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The Future Homemakers of America
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New or Used: 4 copies from $4.85
Filled with warmth, wit and wisdom, The Future Homemakers of America takes us to the heart of female friendship. A novel fans of DIVINE SECRETS OF THE YA-YA SISTERHOOD will not be able to resist. Norfolk,1953. The Fens have never seen anything quite like the girls from USAF Drampton. Overpaid, overfed and over here. While their men patrol the skies keeping the Soviets at bay, some are content to live the life of the Future Homemakers of America -- clipping coupons, cooking chicken pot pie -- but other start to stray, looking for a little native excitement beyond the perimeter fence. Out there in the freezing fens they meet Kath Pharaoh, a tough but warm Englishwoman. Bonds are forged, uniting the women in friendship that will survive distant postings, and the passage of forty years.
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About the Author

Laurie Graham is a former Daily Telegraph columnist and Contributing Editor to Cosmopolitan. The Future Homemakers of America is her sixth novel. She lives in Italy and is currently writing a screenplay of her novel, The Dress Circle.

Reviews

In 1952, five women bond when their husbands are stationed on the same U.S. Air Force base in England. Peggy Dewey, a no-nonsense Texan, narrates the saga of their friendship, which expands to include Kath Pharaoh, an Englishwoman they meet at King George's funeral procession. The six women go through 47 years of births, divorces, illnesses, deaths, and amazing career changes. The fast-forward ending, more of an epilog, is a bit of a disappointment, not because it's poorly written but because you're reluctant to say good-bye to Peg and her friends so abruptly. Fans of such novels as Rebecca Wells's Divine Secrets of the Ya-Ya Sisterhood, Maeve Binchy's Circle of Friends, Terry McMillan's Waiting To Exhale, and other female friendship titles will relish the humor and pathos, as well as the well-defined characters, who maintain their connection to one another for almost half a century. Graham, the author of 15 books, both fiction (The Man for the Job) and nonfiction (The Parent's Survival Guide), has also written radio plays for the BBC. A welcome addition to most popular fiction collections.-Shelley Mosley, Glendale P.L., AZ Copyright 2002 Cahners Business Information.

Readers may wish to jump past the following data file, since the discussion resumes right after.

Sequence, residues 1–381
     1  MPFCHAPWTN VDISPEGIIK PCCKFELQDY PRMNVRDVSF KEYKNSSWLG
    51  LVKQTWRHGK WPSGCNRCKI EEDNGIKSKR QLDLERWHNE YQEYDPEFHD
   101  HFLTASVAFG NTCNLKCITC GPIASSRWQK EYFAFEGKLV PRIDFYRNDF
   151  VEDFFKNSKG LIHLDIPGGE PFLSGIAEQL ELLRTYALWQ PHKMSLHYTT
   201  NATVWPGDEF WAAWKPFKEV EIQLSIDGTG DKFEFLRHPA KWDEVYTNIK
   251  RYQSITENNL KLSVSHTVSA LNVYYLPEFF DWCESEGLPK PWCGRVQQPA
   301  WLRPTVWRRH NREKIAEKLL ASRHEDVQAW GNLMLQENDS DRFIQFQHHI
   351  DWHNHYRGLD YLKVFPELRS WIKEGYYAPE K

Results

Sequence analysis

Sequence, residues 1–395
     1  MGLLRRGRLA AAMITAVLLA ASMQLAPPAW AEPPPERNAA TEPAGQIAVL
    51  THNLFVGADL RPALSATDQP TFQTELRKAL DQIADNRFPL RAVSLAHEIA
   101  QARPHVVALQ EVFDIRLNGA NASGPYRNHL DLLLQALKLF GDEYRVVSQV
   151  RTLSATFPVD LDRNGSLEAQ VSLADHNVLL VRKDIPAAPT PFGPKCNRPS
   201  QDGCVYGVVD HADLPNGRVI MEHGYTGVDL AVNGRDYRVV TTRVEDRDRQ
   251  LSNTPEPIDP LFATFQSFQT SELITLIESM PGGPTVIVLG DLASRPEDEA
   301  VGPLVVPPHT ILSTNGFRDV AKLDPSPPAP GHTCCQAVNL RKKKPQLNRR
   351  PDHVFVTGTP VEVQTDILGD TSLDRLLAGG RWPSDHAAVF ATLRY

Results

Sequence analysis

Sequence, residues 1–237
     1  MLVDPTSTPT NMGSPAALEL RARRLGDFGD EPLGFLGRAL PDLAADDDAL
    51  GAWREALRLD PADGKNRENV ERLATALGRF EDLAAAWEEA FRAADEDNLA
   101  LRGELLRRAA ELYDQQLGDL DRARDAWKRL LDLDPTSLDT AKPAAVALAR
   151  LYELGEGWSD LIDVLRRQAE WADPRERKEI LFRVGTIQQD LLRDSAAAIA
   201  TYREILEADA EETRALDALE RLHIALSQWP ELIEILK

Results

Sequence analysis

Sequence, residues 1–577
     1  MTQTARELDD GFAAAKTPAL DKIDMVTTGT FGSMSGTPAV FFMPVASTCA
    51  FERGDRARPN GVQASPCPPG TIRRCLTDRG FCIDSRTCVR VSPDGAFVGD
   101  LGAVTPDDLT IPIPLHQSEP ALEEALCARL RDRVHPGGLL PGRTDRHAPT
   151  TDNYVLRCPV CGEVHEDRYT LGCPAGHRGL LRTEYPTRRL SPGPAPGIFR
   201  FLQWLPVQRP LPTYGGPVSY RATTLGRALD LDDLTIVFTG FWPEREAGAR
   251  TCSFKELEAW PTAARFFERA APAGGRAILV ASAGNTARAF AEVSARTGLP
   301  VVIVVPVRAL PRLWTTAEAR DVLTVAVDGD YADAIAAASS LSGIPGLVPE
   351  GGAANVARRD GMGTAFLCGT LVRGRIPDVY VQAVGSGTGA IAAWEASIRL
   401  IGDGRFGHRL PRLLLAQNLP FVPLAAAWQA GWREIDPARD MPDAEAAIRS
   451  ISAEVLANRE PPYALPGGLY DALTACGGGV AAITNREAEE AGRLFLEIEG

'She has wit and insight to match Nick Hornby, and the entertainment value of Helen Fielding, as well as depth. Her novel traces the lives of Peggy and five female friends - one British - from the 1950s to the present, against a background of landmark events. It amounts to a picture of the way women's lives have changed, without ever sacrificing the particular to the generalisation.' Nicolette Jones, Independent 'Superlative. The writing sparkles from first to last' David Robson, Sunday Telegraph 'This novel crackles with energy and snappy American dialogue. Laurie Graham conjures up five tough, funny, mouthy women, thrown together at an American airbase in Norfolk. Kath, a typical Brit with a chilly exterior and warm heart, is drawn into their generous circle. Graham has pulled off an absolute triumph; the voice of her sassy narrator, the redoubtable Peggy, never falters as she unfolds 40 years of friendship.' Georgia Metcalfe, Daily Mail 'Laugh-out-loud funny; intelligent; moving; has more delicious roll-off-the-tongue one-liners than Seinfeld. One of those books you buy six copies of to send to all your old friends.' Julie Morrice, Scotsman

This sixth novel by Graham (Dog Days, Glenn Miller Nights; etc.) gets off to a slow start, but once it picks up its pace, it delivers a true, funny and wry portrait of six women friends from WWII to the 1990s, as well as of America's changing social mores and attitudes. Peggy Dewey, wife of Air Force pilot Vern, meets Audrey, Gayle, Lois, Betty and Kath, all Air Force wives, while Vern is on assignment in England during WWII. Though these women would most likely never have been friends under other circumstances, friends they become, and over the years Peggy is their linchpin, keeping in contact with everyone through good times and bad. The lives of the women take turns they never would have imagined as traditional military wives. Audrey's upwardly mobile officer husband dies; Gayle, the nervous young bride with the alcohol problem, becomes a famous faith healer; Betty, the "pie crust queen," has problems with her children; Lois bears a child outside of her marriage, passing it off as her husband's, though the girls suspect the truth; Kath, their English friend, and Peggy, start their own businesses. Through it all, they stay in touch, supporting, counseling and wisecracking all the way. By the end, readers will feel so close to the girls they'll be shedding tears of sheer recognition. Graham has truly captured women's friendships through thick and thin, and Peggy is a gem-matter-of-fact, grounded, funny and fresh. If readers can get past the stodgy beginning, this novel should sell itself by word of mouth. (Oct.) Copyright 2002 Cahners Business Information.

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